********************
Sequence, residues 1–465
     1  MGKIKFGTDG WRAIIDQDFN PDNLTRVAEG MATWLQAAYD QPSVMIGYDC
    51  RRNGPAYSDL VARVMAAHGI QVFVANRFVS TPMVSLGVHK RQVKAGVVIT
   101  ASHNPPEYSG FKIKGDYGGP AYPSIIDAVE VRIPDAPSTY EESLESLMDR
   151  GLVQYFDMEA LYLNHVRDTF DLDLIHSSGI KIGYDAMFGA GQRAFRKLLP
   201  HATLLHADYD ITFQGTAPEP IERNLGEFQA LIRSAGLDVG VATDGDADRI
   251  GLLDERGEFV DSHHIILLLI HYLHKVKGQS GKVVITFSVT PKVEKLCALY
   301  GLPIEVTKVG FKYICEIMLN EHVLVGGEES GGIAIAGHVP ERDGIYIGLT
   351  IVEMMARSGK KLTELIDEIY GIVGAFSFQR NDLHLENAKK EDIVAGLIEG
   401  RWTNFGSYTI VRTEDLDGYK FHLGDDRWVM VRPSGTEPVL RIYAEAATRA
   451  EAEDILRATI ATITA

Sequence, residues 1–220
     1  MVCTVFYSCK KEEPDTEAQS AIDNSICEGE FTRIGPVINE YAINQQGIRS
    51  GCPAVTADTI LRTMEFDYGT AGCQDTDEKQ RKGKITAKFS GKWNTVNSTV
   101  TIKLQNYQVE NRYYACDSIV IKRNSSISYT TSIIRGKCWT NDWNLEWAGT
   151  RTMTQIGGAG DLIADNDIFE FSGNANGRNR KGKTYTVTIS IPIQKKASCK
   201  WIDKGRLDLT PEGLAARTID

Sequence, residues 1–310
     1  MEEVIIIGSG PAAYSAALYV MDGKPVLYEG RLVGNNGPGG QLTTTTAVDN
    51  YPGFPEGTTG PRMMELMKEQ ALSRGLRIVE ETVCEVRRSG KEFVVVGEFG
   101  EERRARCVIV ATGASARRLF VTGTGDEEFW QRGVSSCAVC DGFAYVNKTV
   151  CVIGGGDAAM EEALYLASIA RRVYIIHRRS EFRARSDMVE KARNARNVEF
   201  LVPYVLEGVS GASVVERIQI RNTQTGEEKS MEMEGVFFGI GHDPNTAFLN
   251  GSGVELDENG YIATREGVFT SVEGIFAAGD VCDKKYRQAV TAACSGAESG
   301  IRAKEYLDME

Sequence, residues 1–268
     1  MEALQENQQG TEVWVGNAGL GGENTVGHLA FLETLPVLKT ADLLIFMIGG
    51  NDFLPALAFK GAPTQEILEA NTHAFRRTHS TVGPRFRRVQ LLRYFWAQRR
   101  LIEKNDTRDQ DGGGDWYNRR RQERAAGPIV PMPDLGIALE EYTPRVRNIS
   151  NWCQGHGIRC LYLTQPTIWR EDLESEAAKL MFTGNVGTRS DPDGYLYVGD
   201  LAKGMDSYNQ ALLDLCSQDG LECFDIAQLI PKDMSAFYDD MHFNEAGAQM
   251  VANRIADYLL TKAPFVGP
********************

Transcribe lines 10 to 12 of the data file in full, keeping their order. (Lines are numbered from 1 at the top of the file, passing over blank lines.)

   401  RWTNFGSYTI VRTEDLDGYK FHLGDDRWVM VRPSGTEPVL RIYAEAATRA
   451  EAEDILRATI ATITA

Sequence, residues 1–220